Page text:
Chemical composition of the diet of cows grazing on arid range

TitleChemical composition of the diet of cows grazing on arid range
Publication TypeConference Proceedings
Year of Publication1969
AuthorsNelson A.B., Herbel C.H., Jackson H.M.
Conference NameProceedings of the Western Section, American Society of Animal Science
Date Published1969
Keywordsarid range, cattle, chemical composition, diet, forage species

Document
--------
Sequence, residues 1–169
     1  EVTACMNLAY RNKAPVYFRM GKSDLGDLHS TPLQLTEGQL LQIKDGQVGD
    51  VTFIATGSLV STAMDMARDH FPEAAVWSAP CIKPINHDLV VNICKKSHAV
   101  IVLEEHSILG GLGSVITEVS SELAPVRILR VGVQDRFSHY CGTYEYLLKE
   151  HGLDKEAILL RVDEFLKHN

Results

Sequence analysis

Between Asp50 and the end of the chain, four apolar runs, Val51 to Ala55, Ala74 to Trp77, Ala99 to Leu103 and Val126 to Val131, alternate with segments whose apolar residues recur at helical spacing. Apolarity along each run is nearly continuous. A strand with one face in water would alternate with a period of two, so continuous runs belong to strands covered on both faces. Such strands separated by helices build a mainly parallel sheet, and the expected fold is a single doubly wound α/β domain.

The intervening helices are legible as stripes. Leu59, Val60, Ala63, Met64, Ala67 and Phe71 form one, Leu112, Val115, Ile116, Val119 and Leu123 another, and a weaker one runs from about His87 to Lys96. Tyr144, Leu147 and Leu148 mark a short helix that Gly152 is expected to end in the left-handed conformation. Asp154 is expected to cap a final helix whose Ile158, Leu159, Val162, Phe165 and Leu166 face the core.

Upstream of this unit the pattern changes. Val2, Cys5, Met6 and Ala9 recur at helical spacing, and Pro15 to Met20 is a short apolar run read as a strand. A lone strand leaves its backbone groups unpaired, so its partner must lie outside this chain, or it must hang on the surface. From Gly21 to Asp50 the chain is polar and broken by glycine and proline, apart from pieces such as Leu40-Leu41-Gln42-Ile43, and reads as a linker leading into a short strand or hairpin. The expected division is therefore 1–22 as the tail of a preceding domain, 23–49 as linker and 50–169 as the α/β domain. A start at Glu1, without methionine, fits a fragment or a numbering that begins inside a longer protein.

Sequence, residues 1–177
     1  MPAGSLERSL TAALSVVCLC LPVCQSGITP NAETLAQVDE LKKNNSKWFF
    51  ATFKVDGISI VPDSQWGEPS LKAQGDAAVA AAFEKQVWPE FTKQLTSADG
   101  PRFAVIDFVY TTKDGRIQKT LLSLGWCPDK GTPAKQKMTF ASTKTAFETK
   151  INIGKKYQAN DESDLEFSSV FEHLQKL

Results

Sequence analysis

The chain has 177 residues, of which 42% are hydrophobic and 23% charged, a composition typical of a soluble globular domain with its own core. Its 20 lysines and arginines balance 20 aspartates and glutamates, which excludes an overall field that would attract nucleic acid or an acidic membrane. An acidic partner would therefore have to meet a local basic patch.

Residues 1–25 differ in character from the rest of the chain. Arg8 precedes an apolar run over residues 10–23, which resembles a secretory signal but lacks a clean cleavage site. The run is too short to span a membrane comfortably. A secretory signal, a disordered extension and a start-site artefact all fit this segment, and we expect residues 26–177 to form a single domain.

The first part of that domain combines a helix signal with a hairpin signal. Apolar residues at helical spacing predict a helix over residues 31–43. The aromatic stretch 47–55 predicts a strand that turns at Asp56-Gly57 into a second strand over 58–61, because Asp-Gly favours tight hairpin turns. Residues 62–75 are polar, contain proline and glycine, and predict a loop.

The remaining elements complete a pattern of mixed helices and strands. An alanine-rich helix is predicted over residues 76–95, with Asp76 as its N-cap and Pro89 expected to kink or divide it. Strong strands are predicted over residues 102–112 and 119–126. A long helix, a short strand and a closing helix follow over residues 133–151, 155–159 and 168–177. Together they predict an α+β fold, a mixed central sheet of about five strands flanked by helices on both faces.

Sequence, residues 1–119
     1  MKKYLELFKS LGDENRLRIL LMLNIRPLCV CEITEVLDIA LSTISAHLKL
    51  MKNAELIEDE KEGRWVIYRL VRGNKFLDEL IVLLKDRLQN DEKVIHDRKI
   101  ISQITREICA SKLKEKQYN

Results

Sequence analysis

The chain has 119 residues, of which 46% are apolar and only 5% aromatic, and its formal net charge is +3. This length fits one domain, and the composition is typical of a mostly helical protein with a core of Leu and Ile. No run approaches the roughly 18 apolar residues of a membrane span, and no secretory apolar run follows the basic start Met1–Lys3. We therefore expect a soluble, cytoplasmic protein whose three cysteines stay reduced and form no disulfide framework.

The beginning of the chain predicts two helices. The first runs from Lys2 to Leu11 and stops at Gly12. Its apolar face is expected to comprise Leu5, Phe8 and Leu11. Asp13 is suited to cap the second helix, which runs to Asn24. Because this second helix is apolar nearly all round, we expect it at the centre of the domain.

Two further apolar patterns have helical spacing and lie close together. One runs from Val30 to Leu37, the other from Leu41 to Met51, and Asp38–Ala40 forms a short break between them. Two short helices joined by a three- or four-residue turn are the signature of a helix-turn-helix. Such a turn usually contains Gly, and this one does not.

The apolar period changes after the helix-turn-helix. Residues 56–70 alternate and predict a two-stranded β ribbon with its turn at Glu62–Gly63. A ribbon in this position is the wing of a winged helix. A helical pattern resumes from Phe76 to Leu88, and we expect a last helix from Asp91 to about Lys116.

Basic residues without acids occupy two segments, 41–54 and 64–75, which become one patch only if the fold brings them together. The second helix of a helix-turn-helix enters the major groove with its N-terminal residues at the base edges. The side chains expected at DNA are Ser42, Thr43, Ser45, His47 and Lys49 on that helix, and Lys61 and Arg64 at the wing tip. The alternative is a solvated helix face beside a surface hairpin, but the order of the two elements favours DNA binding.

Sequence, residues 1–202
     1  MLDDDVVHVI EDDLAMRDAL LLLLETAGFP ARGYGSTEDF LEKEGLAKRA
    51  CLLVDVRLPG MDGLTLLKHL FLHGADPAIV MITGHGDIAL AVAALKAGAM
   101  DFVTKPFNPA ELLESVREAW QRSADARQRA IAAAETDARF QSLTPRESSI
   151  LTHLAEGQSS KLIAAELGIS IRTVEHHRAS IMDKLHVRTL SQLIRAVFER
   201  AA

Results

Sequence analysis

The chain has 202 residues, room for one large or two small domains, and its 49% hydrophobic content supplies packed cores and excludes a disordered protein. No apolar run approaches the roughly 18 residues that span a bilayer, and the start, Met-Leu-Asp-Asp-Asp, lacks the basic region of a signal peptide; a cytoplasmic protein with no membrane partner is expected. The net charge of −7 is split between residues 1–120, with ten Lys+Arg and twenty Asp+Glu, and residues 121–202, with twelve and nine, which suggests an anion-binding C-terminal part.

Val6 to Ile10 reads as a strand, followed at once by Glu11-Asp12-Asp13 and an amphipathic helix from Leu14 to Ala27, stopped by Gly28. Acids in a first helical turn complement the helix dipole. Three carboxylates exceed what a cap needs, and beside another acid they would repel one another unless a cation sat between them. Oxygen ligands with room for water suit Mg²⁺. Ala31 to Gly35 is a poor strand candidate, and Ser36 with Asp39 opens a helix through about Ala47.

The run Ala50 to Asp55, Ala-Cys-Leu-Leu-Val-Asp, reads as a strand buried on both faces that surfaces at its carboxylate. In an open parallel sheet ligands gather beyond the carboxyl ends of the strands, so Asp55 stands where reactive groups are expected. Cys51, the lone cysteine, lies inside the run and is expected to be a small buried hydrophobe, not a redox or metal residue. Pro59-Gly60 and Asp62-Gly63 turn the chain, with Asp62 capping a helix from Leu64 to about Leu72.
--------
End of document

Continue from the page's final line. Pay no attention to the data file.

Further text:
AbstractChemical composition of range plants offers an indication of their nutritive value. The protein content of forages usually decreases as plants mature. The levels of fiber and lignin are generally reflections of the availability of energy from the plant because, as plants grow and mature, the level of fiber and degree of lignification increase and the digestibility of these fibrous portions decreases. Several New Mexico studies (Watkins, 1943; Watkins and Repp, 1964; and others) have reported the chemical composition of range plants collected throughout the state. These reports concern forage species found in a pasture without emphasis on proportions or quantities of each species grazed by livestock. Also, sampling has not included many forbs, which may constitute a major portion of the diet of grazing cows. The objective of this study was to determine the chemical composition of the plant species grazed by cattle on an arid range in southern New Mexico.